Our View On The Pope's Statement...
"MUCH ADO ABOUT (LITERALLY) NOTHING"
No sooner had word of Pope John Paul II's letter to the Pontifical Academy of Sciences attempting to reconcile scientific findings about evolution and religious faith been made public than aanews began to receive calls, e-mails and faxes. "Isn't this great?," gushed one reader. "The Pope has finally admitted that they (the church) were wrong all along!" Said another, "this is the end of the Catholic Church -- in affirming evolution, they're essentially uncutting the reason for their whole existence. If evolution is true, then how can they talk about Adam, Eve, original sin and redemption?"
As Atheists, we disagree with most of what the Vatican and other religious groups have to say about the nature of science, reason, belief, and faith-based creeds. But we do recognize that as an institution, religion in one form or another has endured for centuries, and so has the Roman Catholic Church. Despite obvious errors such as the condemnation of Galileo, its rationales for social imperialism, and its insidious fostering of the "slave mentality" within indigenous oppressed groups, "Mother Church" remains a vital and thriving institution, and one wielding considerable economic, social and cultural power.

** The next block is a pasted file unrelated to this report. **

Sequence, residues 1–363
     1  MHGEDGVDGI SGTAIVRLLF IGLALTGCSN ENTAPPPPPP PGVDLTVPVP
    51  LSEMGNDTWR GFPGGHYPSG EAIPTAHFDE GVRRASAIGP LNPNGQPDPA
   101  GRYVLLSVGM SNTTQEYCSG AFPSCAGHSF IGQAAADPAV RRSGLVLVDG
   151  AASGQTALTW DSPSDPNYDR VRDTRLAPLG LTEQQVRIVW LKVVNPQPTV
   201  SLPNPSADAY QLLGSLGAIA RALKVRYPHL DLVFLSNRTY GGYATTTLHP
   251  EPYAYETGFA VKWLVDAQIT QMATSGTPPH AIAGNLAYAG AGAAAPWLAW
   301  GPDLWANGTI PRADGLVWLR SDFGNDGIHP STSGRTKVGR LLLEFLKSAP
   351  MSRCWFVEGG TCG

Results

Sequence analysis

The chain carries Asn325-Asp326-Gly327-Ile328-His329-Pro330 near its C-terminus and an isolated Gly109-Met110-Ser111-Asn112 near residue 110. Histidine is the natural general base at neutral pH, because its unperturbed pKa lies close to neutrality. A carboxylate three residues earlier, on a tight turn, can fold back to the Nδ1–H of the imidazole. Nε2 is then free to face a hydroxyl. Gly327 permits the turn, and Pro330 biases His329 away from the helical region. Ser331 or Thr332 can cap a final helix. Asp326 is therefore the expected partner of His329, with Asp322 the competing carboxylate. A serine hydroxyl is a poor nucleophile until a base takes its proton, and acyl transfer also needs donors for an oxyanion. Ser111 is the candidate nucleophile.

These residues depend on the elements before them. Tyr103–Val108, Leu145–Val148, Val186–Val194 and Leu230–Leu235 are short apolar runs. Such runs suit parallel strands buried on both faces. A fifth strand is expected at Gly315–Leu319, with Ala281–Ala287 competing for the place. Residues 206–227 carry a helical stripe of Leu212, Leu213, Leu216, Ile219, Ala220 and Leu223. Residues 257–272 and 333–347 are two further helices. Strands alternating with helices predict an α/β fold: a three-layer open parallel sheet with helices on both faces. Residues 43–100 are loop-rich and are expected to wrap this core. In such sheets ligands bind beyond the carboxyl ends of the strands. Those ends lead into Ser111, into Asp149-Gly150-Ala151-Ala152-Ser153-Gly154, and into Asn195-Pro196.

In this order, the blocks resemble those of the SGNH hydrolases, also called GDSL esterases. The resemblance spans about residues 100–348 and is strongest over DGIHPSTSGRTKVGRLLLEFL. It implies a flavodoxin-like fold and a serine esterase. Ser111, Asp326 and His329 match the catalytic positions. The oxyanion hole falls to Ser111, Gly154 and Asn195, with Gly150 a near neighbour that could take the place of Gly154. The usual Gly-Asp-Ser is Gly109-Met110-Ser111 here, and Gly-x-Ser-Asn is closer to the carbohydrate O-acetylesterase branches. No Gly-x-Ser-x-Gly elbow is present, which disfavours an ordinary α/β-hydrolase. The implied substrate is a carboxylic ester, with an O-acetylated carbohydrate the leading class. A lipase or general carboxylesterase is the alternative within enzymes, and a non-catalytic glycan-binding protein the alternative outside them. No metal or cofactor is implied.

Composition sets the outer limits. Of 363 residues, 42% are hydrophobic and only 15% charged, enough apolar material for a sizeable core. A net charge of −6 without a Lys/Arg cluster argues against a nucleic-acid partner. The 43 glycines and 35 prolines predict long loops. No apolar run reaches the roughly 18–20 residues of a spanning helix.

The papal statement accepting evolution is anything but an admission that religious doctrine is erroneous; indeed, Atheists and secularists should avoid the trap of false optimism, believing that "religion has taken a step backwards," and that religious faith is somehow crumbling before some inexorable juggernaut of scientific enlightenment.
If anything, John Paul has adroitly turned a potential disadvantage and embarrassment into a remarkable success. He has avoided the pitfalls made by biblical literalist and creationist-fundamentalists who increasingly find themselves at odds with scientific finding and the secular world. The Catholic Church (and many other religious groups) know that they have little to gain by conducting a rear-guard action against scientific inquiry; what CAN be salvaged, though, is religion's role as a "moral authority" and arbiter of human conduct, and dispenser of "spirituality" which still remains a powerful craving in human society.